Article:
By JOSH PATRICK via @nyt
Jim Collins writes that one of the keys of successful companies is to have the right person in the right seat. I don’t think anyone would argue. But I do wonder why we don’t take the same care hiring outside advisers that we do with hiring employees.
As we saw in my recent series of posts on Holly Hunter’s attempts to sell her business, much of her pain came from hiring the wrong advisers. To review, Ms. Hunter hired a friend to represent her, hired a broker who claimed to represent both the buyer and the seller, and hired an attorney who didn’t have much experience in transactional work.
These sorts mistakes look glaring in retrospect, but they are not unusual. Many business owners make them — and not just when they are trying to sell their businesses. They can happen any time an owner hires someone from outside the company to provide advice and guidance.
If you own a business, you hire outside advisers. If you own a small business, you may even outsource crucial functions. It’s one of the ways micro-businesses keep their employee headcount low. I spend a lot of time these days helping owners figure out how to make sure the right person is doing the right job.
First, it’s important to understand that the people who advise you bring their own worldviews. They have an expertise, and that expertise tends to color how they see things. Lawyers tend to look for legal solutions. Accountants look for tax-based solutions. It’s important to understand that and to think about what you are trying to accomplish. If you start with clarity about what you want to do and why, you give yourself an advantage.
Next, move on to how you’re going to get there and who needs to help. Having a system for hiring the right help is often the difference between success and failure. The first question to ask when hiring an outside adviser is, do you need a specialist or a generalist.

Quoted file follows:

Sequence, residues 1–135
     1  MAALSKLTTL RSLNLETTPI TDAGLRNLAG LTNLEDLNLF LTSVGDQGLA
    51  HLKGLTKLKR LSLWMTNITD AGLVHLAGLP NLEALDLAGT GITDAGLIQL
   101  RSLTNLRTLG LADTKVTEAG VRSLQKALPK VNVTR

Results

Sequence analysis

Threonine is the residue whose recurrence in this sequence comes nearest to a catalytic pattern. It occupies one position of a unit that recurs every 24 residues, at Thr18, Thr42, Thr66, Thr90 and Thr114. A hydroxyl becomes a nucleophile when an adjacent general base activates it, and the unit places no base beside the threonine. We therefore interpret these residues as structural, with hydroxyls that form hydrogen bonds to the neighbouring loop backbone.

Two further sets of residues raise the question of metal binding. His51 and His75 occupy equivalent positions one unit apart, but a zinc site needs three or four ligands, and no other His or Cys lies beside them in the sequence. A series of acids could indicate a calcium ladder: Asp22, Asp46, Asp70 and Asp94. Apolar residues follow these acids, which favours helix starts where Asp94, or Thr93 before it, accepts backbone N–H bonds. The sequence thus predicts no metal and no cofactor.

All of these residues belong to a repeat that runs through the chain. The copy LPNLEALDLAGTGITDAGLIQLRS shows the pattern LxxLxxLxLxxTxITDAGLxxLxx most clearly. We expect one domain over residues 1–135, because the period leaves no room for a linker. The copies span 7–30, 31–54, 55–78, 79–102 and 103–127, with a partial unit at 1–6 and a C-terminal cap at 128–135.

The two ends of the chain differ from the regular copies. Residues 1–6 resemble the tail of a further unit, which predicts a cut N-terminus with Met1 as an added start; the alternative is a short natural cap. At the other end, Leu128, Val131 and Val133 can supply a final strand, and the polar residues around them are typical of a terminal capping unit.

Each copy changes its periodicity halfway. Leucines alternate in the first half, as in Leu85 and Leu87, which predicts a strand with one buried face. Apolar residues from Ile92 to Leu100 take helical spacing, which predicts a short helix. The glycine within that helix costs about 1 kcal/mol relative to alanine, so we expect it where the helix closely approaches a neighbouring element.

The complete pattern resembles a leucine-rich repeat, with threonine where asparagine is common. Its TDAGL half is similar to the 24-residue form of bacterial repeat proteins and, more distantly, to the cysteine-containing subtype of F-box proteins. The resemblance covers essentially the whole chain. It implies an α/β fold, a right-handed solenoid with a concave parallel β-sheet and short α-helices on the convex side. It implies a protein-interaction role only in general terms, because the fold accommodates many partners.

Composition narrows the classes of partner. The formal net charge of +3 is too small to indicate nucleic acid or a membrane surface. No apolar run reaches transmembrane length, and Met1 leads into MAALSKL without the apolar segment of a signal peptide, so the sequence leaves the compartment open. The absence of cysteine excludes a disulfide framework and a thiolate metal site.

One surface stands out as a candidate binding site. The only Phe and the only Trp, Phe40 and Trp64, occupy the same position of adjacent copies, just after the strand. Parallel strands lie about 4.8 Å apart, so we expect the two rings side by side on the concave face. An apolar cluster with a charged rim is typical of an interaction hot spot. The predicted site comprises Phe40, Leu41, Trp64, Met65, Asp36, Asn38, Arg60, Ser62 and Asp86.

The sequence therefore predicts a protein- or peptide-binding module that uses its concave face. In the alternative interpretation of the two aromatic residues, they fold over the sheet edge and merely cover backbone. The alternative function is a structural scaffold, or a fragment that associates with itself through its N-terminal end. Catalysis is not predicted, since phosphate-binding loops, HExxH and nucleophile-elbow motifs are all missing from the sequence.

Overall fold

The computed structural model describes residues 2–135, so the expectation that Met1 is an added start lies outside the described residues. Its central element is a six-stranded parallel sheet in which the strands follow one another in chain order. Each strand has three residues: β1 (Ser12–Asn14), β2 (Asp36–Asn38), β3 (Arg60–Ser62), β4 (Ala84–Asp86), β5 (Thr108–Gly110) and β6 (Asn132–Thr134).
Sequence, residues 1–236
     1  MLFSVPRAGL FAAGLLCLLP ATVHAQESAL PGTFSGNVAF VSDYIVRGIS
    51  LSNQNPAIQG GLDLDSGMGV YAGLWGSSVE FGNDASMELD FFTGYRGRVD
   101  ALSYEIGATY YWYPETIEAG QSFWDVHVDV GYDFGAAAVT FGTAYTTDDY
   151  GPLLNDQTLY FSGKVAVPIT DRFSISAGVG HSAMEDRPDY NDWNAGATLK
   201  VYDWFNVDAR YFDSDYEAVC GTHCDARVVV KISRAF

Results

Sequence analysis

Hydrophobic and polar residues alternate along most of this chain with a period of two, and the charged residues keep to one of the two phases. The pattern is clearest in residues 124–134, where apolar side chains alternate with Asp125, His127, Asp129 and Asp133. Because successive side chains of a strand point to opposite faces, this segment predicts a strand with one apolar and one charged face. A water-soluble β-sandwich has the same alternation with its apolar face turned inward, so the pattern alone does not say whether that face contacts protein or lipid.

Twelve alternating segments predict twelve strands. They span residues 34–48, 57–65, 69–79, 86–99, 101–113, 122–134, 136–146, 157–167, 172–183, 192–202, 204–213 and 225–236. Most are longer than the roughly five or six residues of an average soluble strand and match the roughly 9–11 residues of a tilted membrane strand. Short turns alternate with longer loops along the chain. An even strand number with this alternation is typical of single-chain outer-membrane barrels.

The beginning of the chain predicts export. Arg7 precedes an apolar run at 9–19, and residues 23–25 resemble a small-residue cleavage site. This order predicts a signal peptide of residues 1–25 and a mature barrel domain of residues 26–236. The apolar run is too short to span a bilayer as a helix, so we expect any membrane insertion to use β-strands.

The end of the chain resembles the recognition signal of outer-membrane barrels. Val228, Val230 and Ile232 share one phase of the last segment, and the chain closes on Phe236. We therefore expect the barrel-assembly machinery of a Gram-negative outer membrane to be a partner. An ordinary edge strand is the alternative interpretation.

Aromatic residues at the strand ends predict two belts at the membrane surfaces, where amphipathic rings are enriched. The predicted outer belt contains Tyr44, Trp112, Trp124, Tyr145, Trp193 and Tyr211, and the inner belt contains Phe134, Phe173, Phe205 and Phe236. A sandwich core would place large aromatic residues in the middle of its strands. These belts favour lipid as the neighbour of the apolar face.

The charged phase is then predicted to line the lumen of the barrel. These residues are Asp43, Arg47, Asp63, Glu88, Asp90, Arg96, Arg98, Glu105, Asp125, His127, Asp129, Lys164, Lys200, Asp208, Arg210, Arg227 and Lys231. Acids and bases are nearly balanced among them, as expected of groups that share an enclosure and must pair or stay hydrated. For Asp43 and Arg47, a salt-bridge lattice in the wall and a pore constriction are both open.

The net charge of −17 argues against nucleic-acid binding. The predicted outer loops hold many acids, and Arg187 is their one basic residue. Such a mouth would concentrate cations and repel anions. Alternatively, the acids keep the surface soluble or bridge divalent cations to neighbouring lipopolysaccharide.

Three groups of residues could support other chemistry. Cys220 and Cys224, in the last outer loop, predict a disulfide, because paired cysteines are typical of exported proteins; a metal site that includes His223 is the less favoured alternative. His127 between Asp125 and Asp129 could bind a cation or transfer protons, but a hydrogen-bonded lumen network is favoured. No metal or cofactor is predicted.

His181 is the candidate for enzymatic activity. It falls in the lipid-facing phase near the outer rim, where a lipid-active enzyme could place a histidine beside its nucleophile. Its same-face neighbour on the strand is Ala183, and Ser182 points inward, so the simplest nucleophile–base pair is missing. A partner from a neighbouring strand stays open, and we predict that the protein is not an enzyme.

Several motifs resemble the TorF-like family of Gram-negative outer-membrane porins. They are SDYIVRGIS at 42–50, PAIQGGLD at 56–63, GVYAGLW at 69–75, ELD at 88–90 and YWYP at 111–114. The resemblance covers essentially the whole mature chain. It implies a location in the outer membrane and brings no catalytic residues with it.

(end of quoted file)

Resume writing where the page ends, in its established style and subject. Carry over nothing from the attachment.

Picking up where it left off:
If the outcome you’re trying to accomplish is relatively straightforward, you probably need a specialist. But when things get complicated, such as if you are selling your business, you may benefit if you have either a specialist who can think globally or you a generalist who gets the big picture.
Next, I suggest you ask yourself a question: “What type of adviser do I work with most successfully?” You may have to do a little soul searching. I find that I’m most successful with advisers who share my view of how the world works. Do they need to be in control? Do they work well collaboratively? Do they listen well? I need to know the answers to these questions before I’m willing to sign on. The questions you need to answer will likely be different from mine.
Then, make sure the advisers you are considering have the technical skills you need. Make sure they are accustomed to facing the issues you’re facing. You might have to pay a little more, but in the end you will probably end up saving money, time and aggravation.
Along with technical ability, you want your advisers to demonstrate that they have been successful in achieving the type of outcomes you’re interested in. This means you must check references. Don’t just ask where they have been successful, ask them to describe a time things didn’t go well and what they learned.
Throughout the process of hiring and managing outside advisers, it is important to maintain control. This was part of the problem when Ms. Hunter hired a business broker. That broker represented both the buyer and the seller, and Ms. Hunter lost control of her adviser and her sale. (It didn’t work out very well for the buyer either.)
Make sure the adviser you hire understands why you hired him or her. Let this person know why the outcome is important to you. If you feel your adviser is taking you off course, it’s your responsibility to rein him or her back in.
Have you thought about how you hire advisers? What kind of success have you had? Do you think it makes sense to have a system? What advice would you add?